Numerous geographic features, such as the Great Lakes, Atlantic Ocean, and Appalachian Mountains, influence the Northeast region’s weather and climate. The Northeast experiences a wide variety of weather phenomena, from blizzards and hurricanes to tornadoes and floods. However, the region’s climate is changing, and you can find out how. The presentation will discuss all of this and more!
The Webinar is limited to 500 participants, so register early. The first 500 registrants will be contacted with instructions on how to attend. For those unable to get in under the limit, the Webinar will be recorded and available for viewing shortly afterwards. For more information on this and other upcoming webinars presented monthly by the CoCoRaHS WxTalk Webinar Series click here. Looks like another great climate educational opportunity!
Those in the longleaf pine range may be aware that the existing area of longleaf is but a scant remnant of its original distribution. Organizations and initiatives throughout the Southeastern US are actively working to restore and expand the acreage of this stately native tree. Variations in climate may present a new challenge to this effort, as USDA Forest Service scientists are currently discovering just how complex the relationship is between longleaf pine seed production and climate.
The researchers studied longleaf pine at a wide variety of sites (different elevations, soil types, climates) across the Southeast, and report that across all the sites, moderate climate conditions appear to promote cone production. They caution, however that “many interactive factors are involved in controlling cone production”. We encourage you to read the original communications article and full research paper for a greater understanding.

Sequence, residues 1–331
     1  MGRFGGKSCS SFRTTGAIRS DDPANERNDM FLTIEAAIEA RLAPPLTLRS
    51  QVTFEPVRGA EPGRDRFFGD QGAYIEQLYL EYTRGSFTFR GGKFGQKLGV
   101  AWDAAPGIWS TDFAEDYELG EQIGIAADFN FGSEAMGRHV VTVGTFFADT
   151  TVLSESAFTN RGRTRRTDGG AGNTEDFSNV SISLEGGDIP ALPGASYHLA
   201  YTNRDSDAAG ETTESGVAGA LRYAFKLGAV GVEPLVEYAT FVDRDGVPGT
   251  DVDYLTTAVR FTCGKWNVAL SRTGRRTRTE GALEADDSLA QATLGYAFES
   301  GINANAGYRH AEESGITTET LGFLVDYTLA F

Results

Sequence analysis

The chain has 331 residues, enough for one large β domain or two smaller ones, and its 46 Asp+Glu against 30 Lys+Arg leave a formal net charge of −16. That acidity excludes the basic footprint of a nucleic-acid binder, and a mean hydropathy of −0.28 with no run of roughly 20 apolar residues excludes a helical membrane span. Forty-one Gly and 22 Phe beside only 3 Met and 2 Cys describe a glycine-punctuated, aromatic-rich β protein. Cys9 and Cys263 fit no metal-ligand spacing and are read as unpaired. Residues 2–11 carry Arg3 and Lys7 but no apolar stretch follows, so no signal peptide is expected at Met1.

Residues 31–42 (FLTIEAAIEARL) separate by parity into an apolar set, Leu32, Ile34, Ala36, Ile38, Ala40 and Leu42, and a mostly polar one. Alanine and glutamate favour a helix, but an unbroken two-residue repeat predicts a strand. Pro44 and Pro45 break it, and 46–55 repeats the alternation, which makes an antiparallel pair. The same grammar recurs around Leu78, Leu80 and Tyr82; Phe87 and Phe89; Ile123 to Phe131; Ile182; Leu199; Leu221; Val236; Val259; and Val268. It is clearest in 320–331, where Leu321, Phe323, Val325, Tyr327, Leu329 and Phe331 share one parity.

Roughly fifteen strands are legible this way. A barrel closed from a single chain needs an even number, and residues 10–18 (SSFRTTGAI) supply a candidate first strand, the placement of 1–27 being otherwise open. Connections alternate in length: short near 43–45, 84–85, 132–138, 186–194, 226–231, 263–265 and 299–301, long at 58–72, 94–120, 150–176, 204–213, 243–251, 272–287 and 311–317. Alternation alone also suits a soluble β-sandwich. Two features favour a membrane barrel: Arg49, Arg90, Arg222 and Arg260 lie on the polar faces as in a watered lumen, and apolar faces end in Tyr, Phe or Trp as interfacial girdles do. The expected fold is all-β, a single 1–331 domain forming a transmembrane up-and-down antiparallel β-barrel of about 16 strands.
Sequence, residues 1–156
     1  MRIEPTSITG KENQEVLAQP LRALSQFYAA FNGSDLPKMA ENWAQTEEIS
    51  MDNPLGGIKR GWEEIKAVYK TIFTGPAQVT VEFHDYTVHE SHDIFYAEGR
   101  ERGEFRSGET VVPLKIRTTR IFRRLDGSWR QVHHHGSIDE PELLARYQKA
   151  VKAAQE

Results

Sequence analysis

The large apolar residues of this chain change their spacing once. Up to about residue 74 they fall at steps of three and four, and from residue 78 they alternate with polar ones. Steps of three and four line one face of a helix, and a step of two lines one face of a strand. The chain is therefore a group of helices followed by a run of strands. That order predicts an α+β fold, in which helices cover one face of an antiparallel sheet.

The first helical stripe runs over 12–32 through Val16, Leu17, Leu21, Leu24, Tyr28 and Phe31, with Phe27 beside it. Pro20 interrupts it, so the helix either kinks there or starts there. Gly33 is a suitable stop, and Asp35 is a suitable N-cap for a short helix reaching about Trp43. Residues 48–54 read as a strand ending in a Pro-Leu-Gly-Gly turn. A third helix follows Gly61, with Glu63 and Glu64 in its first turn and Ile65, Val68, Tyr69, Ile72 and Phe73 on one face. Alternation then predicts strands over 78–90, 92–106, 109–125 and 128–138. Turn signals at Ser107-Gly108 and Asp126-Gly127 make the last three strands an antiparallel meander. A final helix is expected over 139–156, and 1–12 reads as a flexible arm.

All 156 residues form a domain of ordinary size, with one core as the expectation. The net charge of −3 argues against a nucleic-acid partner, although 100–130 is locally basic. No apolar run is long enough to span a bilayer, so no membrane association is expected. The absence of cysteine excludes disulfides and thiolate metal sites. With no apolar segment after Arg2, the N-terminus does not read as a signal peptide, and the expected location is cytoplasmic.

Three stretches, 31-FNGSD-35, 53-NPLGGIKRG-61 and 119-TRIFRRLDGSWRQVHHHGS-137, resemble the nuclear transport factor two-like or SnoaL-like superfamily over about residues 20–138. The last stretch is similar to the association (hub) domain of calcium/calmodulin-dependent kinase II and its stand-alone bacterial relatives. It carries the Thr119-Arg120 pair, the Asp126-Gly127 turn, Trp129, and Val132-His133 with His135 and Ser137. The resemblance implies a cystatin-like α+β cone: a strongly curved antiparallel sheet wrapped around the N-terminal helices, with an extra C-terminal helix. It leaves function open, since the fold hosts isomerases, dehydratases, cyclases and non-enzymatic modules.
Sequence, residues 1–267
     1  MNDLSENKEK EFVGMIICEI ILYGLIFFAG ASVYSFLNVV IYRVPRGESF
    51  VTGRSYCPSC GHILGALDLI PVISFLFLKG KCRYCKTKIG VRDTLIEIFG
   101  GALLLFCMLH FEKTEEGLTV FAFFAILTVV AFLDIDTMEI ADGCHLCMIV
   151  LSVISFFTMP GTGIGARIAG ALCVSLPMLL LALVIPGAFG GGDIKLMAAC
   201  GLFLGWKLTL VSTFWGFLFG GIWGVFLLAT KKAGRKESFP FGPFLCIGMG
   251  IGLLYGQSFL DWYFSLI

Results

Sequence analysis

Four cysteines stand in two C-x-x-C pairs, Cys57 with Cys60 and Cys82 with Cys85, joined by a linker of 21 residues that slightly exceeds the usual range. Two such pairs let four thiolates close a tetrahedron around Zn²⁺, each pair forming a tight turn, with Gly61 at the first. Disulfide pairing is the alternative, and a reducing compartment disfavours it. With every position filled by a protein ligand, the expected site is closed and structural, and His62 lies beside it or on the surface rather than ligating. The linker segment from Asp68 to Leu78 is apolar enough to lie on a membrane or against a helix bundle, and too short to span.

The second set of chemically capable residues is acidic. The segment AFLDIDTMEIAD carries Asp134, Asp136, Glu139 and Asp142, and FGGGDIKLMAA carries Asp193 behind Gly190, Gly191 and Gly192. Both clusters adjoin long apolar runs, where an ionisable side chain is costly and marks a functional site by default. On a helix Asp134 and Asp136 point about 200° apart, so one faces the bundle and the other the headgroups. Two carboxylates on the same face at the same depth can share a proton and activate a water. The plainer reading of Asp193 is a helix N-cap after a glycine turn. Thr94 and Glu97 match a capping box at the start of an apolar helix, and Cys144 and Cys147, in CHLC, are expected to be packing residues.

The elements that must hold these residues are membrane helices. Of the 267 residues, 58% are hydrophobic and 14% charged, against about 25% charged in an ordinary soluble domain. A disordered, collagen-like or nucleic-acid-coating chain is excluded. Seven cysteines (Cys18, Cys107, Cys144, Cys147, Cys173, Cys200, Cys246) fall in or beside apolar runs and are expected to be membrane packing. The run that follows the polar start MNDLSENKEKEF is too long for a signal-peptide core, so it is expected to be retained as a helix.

You’re probably aware that this year the National Park Service (NPS) is celebrating 100 years of protecting and managing natural treasures across the country for our exploration, enjoyment, education and reverence. More than 84 million acres of widely varying ecosystems across all 50 states and more, are included in the National Park System.
National park visitation is expected to increase with a warming climate, as the “shoulder season” extends, allowing more people more time for camping, hiking, lodging and viewing these incomparable sites of natural splendor — which we feel assured will forever remain “unimpaired”. However, in the same way that our private forests and farms are vulnerable to climate change impacts, our 59 national parks (and over 350 other monuments and vital sites of American natural history and culture) are at risk.
We know what great work they do as we have seen their webinars, read their reports, participated in one of their online adaptation trainings, and shared their research-based knowledge with our readers. A good chunk of the country is covered by their Climate Change Response Framework which “provides an integrated set of tools, partnerships, and actions to support climate-informed conservation and forest management”. Some of the most productive and innovative work related to climate and natural resource management is being done by NIACS. Check them out!